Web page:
To those who say there is no God or if there is He can’t be known, I was rereading a book recently that remind me how close the atheist/agnostic is to encountering the Divine. They are always on the fringe of encountering Him. The book I was reading was written by the Jewish religious philosopher Martin Buber (1878-1965) in 1923 and is entitled I and Thou. It can make for difficult reading but it is worth wading though his deep waters of insightful thinking to unveil his thoughts. I will do my best to give clarity to Buber’s philosophical thoughts. If you are an atheist/agnostic you are closer to encountering Him than you may think.   DIVINENCOUNTER

Buber contends that all meaningful living is derived from relationships. The “I” of each individual seeks meaningful living and longs to come into the reality of a meaningful person by way of one or another of two distinct ways or relationships: the I-It or the I-Thou. What really determines the being of a person is the way they relate themselves to the beings, objects and events around them. In I-it relationship one detaches themselves from the “object” experienced and uses it as a tool for personal benefit, while in the I-Thou relation one participates in a dynamic and mutually shared and embraced relationship.

The I-it relationship, while the most comfortable and familiar relation, is not the primary relationship that discovers true meaning in life. The I-it relationship is one where one’s primary world is one of subjective experiencing. In other words we treat beings and events as objects or “its,” which we only experience with our natural senses, and such relations have limitations as to life’s meaning. In the I-it relation we use objects as tools for accomplishing personal goals and desires. In the I-it relationship experiencing takes place within the individual and not between persons. In the I-It relationship one sees everything and everyone as objects or “its” to be used for one’s personal benefit. As a result we miss the deeper meaning and fulfillment that can be found in life. Buber says that one “who lives with the ‘It’ relation alone is not a man.” In the I-It relation a person does not respond but only reacts to what is concrete and external, what is being experienced with the senses and mind.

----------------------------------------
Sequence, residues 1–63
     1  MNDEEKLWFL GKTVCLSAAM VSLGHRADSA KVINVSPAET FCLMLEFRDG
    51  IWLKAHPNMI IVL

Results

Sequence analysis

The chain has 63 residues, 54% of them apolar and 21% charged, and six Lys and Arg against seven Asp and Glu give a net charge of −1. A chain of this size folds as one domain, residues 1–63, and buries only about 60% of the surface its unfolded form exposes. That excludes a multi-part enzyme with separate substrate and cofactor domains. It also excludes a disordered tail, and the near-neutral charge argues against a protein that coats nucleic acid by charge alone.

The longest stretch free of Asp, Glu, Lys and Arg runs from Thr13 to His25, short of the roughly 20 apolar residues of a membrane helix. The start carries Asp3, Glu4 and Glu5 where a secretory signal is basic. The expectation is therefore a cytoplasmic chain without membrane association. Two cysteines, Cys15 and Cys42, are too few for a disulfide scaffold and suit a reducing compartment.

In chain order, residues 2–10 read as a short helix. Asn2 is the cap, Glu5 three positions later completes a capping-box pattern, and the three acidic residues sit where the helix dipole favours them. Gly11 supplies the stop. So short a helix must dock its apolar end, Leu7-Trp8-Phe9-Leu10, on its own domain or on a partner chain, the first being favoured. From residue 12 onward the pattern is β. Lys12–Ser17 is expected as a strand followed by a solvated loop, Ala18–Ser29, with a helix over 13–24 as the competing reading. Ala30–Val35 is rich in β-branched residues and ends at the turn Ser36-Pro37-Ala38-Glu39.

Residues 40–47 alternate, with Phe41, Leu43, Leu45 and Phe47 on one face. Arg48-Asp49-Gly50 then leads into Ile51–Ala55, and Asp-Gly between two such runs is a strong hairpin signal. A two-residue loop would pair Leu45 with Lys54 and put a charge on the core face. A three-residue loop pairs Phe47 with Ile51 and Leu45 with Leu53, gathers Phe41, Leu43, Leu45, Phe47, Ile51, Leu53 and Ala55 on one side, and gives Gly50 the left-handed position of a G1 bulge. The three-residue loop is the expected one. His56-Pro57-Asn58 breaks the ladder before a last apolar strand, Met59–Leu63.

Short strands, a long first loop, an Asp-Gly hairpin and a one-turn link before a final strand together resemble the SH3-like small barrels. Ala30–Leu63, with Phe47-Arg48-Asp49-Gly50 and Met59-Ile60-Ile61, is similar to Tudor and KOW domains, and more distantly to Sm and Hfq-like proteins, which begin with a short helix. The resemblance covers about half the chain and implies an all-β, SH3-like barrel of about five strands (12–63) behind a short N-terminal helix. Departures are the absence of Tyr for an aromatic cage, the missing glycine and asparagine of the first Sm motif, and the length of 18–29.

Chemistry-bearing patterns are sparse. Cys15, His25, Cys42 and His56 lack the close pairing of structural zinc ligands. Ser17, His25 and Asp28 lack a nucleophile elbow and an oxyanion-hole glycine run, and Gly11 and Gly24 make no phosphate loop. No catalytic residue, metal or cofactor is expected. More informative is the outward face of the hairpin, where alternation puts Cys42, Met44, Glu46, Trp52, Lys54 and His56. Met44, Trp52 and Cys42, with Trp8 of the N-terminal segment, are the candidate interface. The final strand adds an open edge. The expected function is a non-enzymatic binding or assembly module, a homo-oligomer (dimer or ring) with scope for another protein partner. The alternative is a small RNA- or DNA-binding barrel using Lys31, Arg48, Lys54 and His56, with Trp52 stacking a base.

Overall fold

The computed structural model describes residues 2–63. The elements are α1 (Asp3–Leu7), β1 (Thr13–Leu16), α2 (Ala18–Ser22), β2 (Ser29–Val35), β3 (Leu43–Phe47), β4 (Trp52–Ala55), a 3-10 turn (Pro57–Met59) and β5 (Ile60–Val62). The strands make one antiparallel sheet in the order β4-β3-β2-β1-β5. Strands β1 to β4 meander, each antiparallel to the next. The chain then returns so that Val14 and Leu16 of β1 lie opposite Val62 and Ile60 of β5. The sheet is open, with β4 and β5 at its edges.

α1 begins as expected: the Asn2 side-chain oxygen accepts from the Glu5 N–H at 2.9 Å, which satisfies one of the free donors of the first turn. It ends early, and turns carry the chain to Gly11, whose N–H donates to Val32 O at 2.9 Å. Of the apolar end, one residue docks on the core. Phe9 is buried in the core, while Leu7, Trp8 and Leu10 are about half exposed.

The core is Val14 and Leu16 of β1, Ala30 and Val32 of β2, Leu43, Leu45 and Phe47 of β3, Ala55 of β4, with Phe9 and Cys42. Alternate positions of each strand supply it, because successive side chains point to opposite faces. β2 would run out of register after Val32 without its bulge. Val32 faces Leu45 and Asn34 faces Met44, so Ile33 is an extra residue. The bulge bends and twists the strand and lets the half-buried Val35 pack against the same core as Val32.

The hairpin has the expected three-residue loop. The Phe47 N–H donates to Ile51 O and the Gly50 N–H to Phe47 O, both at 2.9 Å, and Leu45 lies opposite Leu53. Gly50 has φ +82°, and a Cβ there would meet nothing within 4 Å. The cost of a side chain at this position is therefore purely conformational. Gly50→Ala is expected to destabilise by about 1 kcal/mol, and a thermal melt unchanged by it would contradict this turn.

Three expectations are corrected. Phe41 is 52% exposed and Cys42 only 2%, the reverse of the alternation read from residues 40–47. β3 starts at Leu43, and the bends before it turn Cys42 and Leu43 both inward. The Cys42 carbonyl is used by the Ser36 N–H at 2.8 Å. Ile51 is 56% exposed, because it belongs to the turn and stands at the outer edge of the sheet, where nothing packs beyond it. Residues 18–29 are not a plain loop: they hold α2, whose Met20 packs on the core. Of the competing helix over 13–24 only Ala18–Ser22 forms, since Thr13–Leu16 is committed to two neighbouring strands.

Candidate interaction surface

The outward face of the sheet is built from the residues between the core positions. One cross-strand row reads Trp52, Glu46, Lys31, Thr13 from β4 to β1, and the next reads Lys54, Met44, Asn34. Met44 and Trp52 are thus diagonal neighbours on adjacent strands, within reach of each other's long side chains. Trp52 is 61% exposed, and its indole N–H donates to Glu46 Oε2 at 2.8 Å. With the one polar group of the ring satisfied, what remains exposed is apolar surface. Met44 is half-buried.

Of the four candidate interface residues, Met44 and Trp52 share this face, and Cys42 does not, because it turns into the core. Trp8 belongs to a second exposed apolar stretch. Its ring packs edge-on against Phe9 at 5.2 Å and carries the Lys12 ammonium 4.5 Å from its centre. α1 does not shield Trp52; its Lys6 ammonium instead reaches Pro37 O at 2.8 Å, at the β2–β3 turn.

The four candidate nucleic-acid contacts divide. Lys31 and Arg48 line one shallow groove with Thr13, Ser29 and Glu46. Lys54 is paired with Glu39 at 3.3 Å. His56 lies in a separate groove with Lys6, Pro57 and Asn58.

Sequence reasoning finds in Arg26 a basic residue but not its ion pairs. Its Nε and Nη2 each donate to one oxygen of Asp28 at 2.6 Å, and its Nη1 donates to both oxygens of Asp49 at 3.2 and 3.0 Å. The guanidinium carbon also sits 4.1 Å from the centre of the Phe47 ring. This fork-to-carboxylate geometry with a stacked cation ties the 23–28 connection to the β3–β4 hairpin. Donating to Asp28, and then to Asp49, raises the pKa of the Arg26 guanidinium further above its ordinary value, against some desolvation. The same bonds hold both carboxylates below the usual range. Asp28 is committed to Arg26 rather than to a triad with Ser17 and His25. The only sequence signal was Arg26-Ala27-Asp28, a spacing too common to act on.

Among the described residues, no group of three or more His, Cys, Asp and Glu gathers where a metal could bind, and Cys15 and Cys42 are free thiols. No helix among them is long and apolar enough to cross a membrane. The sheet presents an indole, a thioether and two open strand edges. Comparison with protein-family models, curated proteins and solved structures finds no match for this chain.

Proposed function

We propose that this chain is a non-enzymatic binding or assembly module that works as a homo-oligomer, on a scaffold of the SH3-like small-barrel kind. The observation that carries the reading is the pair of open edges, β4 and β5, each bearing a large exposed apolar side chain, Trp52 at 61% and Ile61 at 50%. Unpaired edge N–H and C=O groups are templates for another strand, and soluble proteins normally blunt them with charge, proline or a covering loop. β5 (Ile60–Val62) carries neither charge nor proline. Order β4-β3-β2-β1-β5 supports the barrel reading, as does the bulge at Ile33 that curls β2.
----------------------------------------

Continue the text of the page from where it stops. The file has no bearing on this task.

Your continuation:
Can life fully be known when we only approach life and others as objects or its? Real fulfillment and meaning requires participation, embracing, openness and involvement. It involves a real encounter, openness and genuine mutuality, which is the relationship of I-Thou. The I-Thou relation is one in which each person confirms the other as of unique value and not just an “it” or an object for one’s subjective benefit. An I-Thou relation requires openness on one’s part. We fail to experience the I-Thou relation because we become secure in the I-It relation where we find comfortableness. One involved in an I-Thou relationship experiences life on a higher plane of existence.

What Buber says about the I-It and I-Thou relationship has great significance for our encountering the Divine. As Buber writes, “One can have I-Thou relations with nature, with men, and with the divine…I-Thou is the living vitality of a meeting of spirit… between man and his Thou, like the air around him and in his lungs.”